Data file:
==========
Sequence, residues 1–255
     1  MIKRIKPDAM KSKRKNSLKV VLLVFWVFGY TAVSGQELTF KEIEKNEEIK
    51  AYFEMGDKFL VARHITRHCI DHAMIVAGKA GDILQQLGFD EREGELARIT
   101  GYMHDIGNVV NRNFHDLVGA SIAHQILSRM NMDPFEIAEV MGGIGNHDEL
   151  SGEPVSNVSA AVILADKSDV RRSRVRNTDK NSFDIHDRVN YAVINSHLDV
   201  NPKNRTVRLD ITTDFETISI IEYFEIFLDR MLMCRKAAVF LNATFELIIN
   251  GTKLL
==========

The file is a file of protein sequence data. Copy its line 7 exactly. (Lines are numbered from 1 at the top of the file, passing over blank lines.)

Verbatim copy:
   251  GTKLL